Your example also features unarmoured ships. At TL12 it's feasible to put 12 points of armour on a ship and 2e features point defence systems. These things could reduce the damage.

I'd agree that in general, massed missile attacks go against what we've seen in the Third Imperium setting but I don't think that equates to breaking 2e MgT.

I'd continue to argue that as far as military ships go, the logistics of keeping missiles supplied far from port weighs heavily against them but we mostly don't model those things in our games, nevermind our discussions ;)

If we do accept that overkill is a distinct possibility, it would perhaps change the decision to engage or make the conflict about not being hit, countermeasures and tactics being the best way to wage that war. From a role playing point of view, I'd much prefer to avoid ship combat but that's an opinion few others seem to share.
Modern naval vessels are not armored like their predecessors. In fact there is no attempt at armoring a warship these days, aside from some kevlar reinforcement around the magazines and ops center. To be fair this isn't a lot different from a WW2 tin can - they were lightly armored as well, hoping their smaller size, speed and relative agility would help them dodge incoming shells. It wasn't till you got into cruisers you started getting real armor. Ships built after WW2 are mostly aluminum.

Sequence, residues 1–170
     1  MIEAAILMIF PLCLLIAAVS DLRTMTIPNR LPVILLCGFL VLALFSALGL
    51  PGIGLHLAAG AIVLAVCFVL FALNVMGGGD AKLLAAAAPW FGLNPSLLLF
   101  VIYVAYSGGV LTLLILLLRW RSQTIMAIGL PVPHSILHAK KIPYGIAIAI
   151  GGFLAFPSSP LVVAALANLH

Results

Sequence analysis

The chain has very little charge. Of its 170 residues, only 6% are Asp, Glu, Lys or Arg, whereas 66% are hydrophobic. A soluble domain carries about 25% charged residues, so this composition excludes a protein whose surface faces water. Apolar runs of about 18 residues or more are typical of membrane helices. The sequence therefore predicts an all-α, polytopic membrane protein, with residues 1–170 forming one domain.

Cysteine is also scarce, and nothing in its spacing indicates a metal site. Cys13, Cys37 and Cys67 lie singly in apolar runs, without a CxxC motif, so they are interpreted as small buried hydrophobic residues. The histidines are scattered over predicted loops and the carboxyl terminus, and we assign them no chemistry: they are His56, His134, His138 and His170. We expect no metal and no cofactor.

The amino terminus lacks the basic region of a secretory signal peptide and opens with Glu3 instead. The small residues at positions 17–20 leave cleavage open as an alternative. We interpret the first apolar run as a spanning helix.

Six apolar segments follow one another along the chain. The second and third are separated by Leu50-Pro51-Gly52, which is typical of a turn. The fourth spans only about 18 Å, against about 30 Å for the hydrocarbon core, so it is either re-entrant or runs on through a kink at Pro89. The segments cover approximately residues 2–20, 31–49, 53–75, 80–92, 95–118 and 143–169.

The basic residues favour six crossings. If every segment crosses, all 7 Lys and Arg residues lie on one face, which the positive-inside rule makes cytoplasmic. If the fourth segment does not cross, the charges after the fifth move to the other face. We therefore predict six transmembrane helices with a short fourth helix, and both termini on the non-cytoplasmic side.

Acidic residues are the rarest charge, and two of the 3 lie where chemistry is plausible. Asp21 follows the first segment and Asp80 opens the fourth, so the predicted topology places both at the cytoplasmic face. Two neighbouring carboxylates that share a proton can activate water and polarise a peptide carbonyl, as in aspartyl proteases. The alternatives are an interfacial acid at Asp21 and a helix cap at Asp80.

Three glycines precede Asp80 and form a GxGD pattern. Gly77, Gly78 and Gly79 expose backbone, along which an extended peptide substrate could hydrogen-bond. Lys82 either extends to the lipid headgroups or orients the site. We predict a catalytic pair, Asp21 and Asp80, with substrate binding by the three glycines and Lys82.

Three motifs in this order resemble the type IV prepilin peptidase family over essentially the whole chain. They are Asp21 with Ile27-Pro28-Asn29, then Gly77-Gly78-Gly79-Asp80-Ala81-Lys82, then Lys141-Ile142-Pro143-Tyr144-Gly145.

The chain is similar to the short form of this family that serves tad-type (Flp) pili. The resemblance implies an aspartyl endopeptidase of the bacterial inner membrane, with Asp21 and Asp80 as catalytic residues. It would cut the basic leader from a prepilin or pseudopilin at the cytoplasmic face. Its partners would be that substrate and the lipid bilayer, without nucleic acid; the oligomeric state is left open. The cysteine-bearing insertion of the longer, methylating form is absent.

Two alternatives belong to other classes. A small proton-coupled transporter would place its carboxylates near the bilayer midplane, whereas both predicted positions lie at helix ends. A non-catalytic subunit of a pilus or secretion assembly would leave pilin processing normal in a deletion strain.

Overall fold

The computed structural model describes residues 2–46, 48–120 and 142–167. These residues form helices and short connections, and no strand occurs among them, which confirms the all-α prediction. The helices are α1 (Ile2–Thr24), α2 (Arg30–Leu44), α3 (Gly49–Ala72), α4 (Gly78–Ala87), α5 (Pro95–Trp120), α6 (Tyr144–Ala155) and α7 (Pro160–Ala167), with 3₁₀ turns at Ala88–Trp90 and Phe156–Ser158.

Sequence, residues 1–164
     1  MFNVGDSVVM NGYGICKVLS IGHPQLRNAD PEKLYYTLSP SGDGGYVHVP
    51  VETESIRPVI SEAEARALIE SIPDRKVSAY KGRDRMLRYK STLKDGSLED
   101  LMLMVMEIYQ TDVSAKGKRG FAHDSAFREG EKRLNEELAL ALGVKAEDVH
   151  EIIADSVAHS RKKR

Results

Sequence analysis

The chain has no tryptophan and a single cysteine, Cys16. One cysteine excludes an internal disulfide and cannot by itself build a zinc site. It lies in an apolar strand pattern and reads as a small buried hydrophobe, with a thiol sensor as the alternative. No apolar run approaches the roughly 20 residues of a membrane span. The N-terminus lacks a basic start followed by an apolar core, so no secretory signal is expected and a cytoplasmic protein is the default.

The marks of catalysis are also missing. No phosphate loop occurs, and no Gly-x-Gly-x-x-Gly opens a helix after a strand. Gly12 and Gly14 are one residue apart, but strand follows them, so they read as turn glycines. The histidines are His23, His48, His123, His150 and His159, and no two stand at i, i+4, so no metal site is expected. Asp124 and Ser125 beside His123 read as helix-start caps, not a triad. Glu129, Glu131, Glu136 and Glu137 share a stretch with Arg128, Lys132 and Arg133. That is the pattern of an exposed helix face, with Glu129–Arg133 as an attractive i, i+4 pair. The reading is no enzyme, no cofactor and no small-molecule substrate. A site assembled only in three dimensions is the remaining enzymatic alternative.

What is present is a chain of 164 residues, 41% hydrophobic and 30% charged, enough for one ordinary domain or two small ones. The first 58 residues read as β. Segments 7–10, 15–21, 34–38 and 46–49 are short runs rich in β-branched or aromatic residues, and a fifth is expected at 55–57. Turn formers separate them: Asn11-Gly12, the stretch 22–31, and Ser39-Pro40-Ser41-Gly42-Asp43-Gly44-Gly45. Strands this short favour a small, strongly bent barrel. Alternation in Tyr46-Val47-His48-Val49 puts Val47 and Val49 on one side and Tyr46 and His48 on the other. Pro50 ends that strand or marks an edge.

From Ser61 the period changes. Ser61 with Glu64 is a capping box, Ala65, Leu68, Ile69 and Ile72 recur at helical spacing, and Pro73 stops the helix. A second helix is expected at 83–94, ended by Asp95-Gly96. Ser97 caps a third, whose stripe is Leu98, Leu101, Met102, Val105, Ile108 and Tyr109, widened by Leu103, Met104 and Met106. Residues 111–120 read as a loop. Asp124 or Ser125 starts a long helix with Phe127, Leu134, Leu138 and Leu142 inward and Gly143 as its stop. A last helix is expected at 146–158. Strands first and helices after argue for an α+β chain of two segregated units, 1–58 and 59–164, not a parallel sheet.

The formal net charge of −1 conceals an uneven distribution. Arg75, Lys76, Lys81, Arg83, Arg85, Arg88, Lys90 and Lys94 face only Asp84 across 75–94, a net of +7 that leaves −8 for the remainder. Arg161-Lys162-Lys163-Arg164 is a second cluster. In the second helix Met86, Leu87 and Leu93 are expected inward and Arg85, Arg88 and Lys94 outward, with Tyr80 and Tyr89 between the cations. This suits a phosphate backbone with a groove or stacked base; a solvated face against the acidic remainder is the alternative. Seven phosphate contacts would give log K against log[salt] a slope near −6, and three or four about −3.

The Atlantic Conveyor, a container ship, was built to merchant standards - to efficiently transport cargo. The Sheffield wasn't sunk instantly, it burned from the inside out (due to damage). Plus Sheffield never even took any defensive measures due to errors by the crew. The ships didn't have any real missile defenses other than chaff and ECM (no CIWS or modern-day Rolling Airframe Missiles to engage incoming missiles).

It's not that missile are overwhelming in Mongoose, it's that the missile combat issue is not balanced. Missiles should be the system that allows enemies to be engaged beyond energy beam range. They should be dangerous. But the defenses aren't there to reflect that danger. Dedicated point defense systems don't exist. There's no ability to launch anti-missile missiles. So if you want to add in swarm tactics and VLS systems to rapidly overwhelm an enemy (or heaven forbid you make missile launching fighter swarms as useful as ship-launched missiles), you need to balance that out with defenses that must be overwhelmed in order to be penetrated. Armor is a passive system that is your last line of defense.